What 'Reg S' Means and What EB-5 Issuers and Investors Should Know

Posted by Kurt Reuss on May 05, 2021

This article features securities attorneys Clem Turner and Jackie Prester, and registered securities broker Kurt Reuss, who works exclusively with EB-5 investments.

Redemption and Redeployment of EB-5 Capital

Posted by Kurt Reuss on April 26, 2020

Redeployment of EB-5 Capital

An important consideration facing EB-5 investors, especially those from countries that don't have EB-5 visas currently available, is how they can maintain their investment at risk, in order to satisfy their 'at-risk' program requirement, when the job creating enterprise (JCE) is ready to repay the loan made to them by the entity representing investors. Failure to do so would jeopardize their I-829 approval for permanent green cards.

Takeaways from USCIS Stakeholder Meeting - March 3rd, 2017

Posted by Kurt Reuss on March 03, 2017

USCIS held a stakeholder meeting today (03/03/2017) in Washington, DC on EB-5 matters.  According to USCIS personnel, over 900 people registered to attend the stakeholder meeting, whether in-person or by telephone.

According to Rana Jazayerli and Bob Cornish of the Phillips Lytle law firm offices in Washington, DC, there were several major “take-aways” from this meeting of crucial importance to those involved in projects connected with EB-5:

• The May 30, 2013 USCIS Policy memorandum on EB-5, which explicitly stated that formal I-924 amendments are not required for a Regional Center to expand its geographic boundaries was represented by USCIS, to the surprise of many, as superseded by their new policy. This policy, effective December 23, 2016, states that any Regional Center wishing to sponsor a project outside of its geographic area must file a formal I-924 amendment application. Further, any I-526 petition filed by an investor based on such a project before USCIS approves the I-924 amendment will be denied on the grounds that it was not approvable when filed.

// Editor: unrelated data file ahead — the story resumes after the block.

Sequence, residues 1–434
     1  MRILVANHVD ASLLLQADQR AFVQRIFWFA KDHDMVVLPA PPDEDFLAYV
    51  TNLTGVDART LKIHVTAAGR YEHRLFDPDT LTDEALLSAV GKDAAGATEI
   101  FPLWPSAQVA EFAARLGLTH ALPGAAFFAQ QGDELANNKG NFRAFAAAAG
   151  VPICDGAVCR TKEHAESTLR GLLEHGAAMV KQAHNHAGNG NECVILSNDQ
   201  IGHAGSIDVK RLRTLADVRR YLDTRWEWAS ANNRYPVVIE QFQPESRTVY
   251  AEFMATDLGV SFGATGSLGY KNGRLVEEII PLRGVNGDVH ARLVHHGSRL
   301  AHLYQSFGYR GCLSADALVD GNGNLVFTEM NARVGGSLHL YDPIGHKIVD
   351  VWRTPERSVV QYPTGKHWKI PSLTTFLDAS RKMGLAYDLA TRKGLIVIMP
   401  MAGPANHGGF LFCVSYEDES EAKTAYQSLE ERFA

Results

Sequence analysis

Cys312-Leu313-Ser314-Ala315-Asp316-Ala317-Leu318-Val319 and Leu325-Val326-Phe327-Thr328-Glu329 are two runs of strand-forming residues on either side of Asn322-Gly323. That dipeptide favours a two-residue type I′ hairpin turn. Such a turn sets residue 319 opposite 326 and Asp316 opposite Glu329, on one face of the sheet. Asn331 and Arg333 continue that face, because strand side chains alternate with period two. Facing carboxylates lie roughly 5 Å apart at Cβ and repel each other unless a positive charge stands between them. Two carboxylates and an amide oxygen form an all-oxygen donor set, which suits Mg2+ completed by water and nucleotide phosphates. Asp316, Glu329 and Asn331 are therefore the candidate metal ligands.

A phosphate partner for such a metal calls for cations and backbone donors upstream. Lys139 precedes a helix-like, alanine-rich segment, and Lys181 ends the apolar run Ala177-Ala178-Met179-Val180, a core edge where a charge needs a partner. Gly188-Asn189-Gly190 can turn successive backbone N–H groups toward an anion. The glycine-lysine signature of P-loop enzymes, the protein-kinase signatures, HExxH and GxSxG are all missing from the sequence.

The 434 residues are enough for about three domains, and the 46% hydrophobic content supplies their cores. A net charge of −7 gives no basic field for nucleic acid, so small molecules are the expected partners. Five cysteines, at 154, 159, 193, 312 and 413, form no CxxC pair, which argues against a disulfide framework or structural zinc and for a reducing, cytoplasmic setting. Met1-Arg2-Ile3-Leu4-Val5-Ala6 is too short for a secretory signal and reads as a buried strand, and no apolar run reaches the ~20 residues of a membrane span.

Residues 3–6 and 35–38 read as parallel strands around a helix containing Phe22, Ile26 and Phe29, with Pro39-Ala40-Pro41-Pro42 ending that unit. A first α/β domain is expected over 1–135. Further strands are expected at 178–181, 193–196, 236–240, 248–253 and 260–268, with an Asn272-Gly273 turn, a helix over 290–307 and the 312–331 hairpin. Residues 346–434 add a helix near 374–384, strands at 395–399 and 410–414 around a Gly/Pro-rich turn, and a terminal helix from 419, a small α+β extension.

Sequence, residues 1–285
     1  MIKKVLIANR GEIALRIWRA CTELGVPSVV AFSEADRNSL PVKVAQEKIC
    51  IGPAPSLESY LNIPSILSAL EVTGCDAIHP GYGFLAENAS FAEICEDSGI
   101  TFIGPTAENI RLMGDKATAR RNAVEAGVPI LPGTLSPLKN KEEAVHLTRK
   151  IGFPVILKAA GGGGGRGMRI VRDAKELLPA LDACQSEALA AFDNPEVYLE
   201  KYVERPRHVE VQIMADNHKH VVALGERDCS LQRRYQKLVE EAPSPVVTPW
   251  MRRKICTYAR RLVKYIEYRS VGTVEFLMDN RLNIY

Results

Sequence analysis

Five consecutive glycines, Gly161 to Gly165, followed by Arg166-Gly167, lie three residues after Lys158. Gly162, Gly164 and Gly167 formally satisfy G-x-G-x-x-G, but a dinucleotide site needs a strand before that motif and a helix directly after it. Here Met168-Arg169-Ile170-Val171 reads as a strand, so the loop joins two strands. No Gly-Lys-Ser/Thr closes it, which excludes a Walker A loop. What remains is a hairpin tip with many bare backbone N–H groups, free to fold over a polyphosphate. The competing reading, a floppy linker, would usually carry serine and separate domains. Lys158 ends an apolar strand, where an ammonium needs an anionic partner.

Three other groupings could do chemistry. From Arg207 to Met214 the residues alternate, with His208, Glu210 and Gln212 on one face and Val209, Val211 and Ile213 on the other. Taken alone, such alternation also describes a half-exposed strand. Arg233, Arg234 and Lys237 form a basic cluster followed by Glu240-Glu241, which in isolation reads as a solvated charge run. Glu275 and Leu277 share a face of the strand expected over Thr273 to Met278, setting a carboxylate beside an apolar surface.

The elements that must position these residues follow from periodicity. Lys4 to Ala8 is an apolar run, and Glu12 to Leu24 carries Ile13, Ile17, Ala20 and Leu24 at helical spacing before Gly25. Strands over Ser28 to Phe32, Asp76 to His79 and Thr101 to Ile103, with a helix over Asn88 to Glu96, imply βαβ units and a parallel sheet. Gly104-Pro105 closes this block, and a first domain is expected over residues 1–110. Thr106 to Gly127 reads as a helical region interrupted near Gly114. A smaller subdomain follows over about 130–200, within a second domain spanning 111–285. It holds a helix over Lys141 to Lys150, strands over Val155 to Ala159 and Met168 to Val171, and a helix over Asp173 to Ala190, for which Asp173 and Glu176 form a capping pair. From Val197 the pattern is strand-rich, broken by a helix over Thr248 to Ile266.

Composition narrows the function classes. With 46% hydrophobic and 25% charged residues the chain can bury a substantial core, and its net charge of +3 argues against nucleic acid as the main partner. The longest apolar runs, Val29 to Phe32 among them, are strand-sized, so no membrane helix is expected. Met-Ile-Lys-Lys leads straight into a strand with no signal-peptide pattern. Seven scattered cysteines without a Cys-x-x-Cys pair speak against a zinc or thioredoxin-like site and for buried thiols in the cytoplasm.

Some audience members expressly objected, stating that (a) USCIS did not provide adequate notice of this very significant change in policy, and (b) that the adverse impact on Regional Centers, developers and EB-5 investors that have already filed I-526 petitions may be severe. 

Gerrymandered Census Tracts Have A Long EB-5 History

Posted by Kurt Reuss on September 16, 2016

After reading Elliot Winer’s article, who is someone I've known for years, I thought I would share these docs (Edward Kennedy Letter, the first TEA Designation Letter) which we have kept since EB-5 was conceived as part of the Act in 1989-1990.

About a week ago, I was asked by an EB-5 practitioner why I thought EB-5 TEA methods had slipped into using census-shared or, excuse the expression, "gerrymandered" Census Tract arrays?  I told this fellow that Massachusetts and the INS (USCIS) had allowed this technique from before the Industry was accepted or recognized as a viable financial alternative by the investment community.

It looks like we in Massachusetts elongated (again, “gerrymandered") the Census Tract array from the very beginning for very good reasons. We did this in Boston in 1991.

Please notice the letter from Senator Ted Kennedy (who introduced the Act for consideration in 1989) showing the makeup of the 1991 Senate Judiciary Committee! It seems to show that Senators Grassley and Leahy, and other notables, were at least aware of the genesis of Senator Kennedy's legislative interest in the EB5 Program. We were also there; we're old!

EB5 Securities Roundtable Submits Technical Revisions of Integrity Bill to Congress

Posted by Kurt Reuss on September 09, 2016

The EB5 Securities Roundtable is an informal, independent group of EB-5 securities attorneys organized to facilitate best practices in the offerings of EB-5 securities.This roundtable has been working to provide comments to legislation (commonly known as the Integrity Bill) that we expect will be proposed by Congress to improve the integrity of the EB-5 program.

Challenge of Valuing Equity Contributions When Self-Dealing

Posted by Kurt Reuss on May 03, 2016

Kurt: Robert, do you have a particular conflict of interest in EB5 that you think regional centers and attorneys should be careful of?

Robert: One which did occur to me is the interests of a party which sells something into the job-creation enterprise (JCE), like a land-owner which may be related to the developer or the regional center owners or the manager of the NCE or all of the above.

There's an important challenge to validate or confirm the value that is put on whatever it is that is being sold into the entity and to disclose who is getting paid for it.